What does "dysmorphophobia" mean?
Publication date: 03-08-2023
Updated on: 03-08-2023
Topic: Mental health
Estimated reading time: 1 min
More and more people are asking the Plastic Surgeon to intervene to improve their aesthetics, partly because of the many applications that allow everyone to edit images directly from their cell phones, to correct defects or improve the physiognomy of their face.
Sometimes, however, this behavior can become a full-blown obsession, so much so that the American Psychiatric Association has considered selfie addiction to be a consequence of dysmorphophobia, the unwarranted impression of being ugly or deformed, and pointing out that 2/3 of patients suffering from this disorder are used to taking selfies.
We discuss this with Dr. Marco Iera, a plastic surgeon from the Operative Unit of Breast Surgery and Senology, and Professor Anna Ogliari from the Unit of Clinical Psychology of the Developmental Age at IRCCS Ospedale San Raffaele in Milan.
What is selfie dysmorphophobia?
Selfie-dismorphophobia is a behavior that leads to modifying one's image with filters and applications, enhancing it, so much so that one becomes addicted to photographic retouching, no longer recognizing and accepting one's natural way of being.
The tendency for young people to request appearance-enhancing surgeries, whether in surgery or aesthetic medicine, based on their image as it is modified through the filters offered by social networks, is a growing demand from young people to the Plastic Surgeon, as the American Academy of Facial Plastic and Reconstructive Surgery points out.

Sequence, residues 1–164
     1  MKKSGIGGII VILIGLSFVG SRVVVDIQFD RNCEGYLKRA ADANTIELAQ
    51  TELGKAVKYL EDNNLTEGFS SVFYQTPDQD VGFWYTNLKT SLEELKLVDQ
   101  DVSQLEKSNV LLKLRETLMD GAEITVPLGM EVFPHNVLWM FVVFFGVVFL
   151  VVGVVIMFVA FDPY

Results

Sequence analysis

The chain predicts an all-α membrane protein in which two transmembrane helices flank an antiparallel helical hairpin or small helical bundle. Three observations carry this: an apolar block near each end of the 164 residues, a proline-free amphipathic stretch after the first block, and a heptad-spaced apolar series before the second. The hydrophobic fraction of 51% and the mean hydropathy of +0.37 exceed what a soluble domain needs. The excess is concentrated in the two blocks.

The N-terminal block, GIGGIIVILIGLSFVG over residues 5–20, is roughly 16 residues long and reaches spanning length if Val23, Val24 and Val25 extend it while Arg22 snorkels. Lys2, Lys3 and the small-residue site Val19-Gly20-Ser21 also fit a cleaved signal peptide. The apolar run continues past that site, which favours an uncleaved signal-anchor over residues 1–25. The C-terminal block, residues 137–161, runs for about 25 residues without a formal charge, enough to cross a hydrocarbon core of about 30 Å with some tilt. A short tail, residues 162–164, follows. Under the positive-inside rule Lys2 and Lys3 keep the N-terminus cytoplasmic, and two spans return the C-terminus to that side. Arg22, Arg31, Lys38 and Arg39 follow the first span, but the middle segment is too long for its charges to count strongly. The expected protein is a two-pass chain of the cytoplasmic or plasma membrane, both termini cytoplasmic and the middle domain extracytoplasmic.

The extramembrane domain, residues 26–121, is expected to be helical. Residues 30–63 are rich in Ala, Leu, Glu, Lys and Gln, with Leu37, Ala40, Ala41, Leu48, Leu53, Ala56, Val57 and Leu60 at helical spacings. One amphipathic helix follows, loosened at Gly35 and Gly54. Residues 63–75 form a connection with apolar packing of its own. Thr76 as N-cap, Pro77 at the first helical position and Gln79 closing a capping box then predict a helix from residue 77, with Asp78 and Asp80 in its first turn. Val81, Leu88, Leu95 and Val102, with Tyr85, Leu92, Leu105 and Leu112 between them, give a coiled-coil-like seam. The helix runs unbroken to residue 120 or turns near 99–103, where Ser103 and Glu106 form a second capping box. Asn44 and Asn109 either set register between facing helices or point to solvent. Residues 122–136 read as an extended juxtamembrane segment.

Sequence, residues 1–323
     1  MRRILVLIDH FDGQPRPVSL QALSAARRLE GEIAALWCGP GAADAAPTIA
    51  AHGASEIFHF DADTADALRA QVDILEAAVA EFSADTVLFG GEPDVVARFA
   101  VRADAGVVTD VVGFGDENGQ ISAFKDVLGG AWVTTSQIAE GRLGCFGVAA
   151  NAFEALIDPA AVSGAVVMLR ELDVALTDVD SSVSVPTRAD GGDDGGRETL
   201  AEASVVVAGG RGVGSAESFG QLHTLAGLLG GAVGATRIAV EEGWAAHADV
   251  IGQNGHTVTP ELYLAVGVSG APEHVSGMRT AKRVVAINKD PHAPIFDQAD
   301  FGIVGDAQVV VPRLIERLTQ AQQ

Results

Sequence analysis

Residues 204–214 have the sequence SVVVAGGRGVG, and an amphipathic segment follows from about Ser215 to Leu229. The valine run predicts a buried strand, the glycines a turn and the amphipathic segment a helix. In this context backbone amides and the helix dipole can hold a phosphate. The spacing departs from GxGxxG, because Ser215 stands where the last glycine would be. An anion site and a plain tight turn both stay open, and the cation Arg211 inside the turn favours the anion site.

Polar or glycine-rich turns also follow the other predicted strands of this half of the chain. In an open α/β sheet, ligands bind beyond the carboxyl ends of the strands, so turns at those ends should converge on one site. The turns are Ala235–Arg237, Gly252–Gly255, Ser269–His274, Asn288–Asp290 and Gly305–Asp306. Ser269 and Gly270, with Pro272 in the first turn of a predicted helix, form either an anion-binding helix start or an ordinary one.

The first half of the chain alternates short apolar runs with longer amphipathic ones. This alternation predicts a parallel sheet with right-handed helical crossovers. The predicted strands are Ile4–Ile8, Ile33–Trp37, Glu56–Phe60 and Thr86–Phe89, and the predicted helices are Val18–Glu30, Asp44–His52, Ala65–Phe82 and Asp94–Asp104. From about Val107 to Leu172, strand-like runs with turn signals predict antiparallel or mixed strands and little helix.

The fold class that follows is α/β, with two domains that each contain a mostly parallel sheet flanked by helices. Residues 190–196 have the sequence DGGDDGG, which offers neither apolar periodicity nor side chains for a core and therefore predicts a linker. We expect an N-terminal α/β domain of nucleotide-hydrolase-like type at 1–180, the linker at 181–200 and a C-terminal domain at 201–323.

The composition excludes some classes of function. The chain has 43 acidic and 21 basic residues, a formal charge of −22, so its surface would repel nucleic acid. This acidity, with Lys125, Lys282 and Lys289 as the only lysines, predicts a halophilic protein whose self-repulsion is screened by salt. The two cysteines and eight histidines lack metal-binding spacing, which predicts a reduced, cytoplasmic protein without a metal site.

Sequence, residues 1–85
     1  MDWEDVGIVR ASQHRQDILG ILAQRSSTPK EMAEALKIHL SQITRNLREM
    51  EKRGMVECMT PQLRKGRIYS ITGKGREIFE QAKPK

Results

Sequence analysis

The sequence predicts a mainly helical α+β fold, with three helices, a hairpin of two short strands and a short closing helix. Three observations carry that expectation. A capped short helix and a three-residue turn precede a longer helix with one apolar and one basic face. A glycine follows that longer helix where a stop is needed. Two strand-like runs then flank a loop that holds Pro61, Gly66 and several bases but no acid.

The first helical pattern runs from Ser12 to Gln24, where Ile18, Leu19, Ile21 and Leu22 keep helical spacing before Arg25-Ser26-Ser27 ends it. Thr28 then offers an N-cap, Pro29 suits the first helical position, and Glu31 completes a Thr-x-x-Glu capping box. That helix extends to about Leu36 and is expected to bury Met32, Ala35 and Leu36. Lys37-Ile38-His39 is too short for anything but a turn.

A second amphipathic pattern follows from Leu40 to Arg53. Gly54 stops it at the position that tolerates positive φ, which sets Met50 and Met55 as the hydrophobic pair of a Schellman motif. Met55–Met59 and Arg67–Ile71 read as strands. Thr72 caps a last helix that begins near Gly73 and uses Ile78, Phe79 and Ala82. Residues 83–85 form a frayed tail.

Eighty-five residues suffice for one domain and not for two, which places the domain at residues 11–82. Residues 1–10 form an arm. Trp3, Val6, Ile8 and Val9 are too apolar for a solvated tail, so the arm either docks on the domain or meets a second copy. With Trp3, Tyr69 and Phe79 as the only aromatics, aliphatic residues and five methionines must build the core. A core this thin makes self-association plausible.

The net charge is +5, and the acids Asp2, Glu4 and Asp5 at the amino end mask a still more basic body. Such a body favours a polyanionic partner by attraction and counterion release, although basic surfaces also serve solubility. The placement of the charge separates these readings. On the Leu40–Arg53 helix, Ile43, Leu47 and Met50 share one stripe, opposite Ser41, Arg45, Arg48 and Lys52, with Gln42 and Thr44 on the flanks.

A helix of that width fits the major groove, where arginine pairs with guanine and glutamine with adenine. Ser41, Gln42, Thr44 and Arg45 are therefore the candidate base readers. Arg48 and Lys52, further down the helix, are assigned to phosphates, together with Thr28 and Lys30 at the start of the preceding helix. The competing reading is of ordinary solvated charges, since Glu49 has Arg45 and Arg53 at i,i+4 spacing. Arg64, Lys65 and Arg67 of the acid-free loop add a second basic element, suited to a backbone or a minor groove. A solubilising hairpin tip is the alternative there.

At what age does it occur?
The phenomenon, which mainly affects a large segment of persons under 25, is particularly prevalent among teenagers (15/18 years old), who are also beginning to use social media to share photos of themselves.
Adolescents, in fact, experience a period when their bodies begin to change, becoming adults, and in parallel there is important personal, cognitive and emotional growth involving identity development and the acquisition of autonomy. These metamorphoses, particularly bodily accretion, are, at times, so sudden that those involved have difficulty accepting them and then recognizing themselves.
It should be emphasized that difficulties related to the acceptance of body changes in adolescence are absolutely physiological, however, for some adolescents the difficulties of acceptance become a real obsession, hence sometimes lead the need to use a series of strategies and corrections of their own image that enable them to present themselves in a manner pleasing to others, in order to be socially acceptable and accepted.
Causes of dysmorphophobia
One of the possible causes of dysmorphophobia, which is a complex disorder with a multifactorial origin, is the permanence of children on social networks, which can foster a false representation of oneself, not necessarily corresponding to reality and altered with respect to one's essence, based on the principle that those who are more aesthetically acceptable are more successful.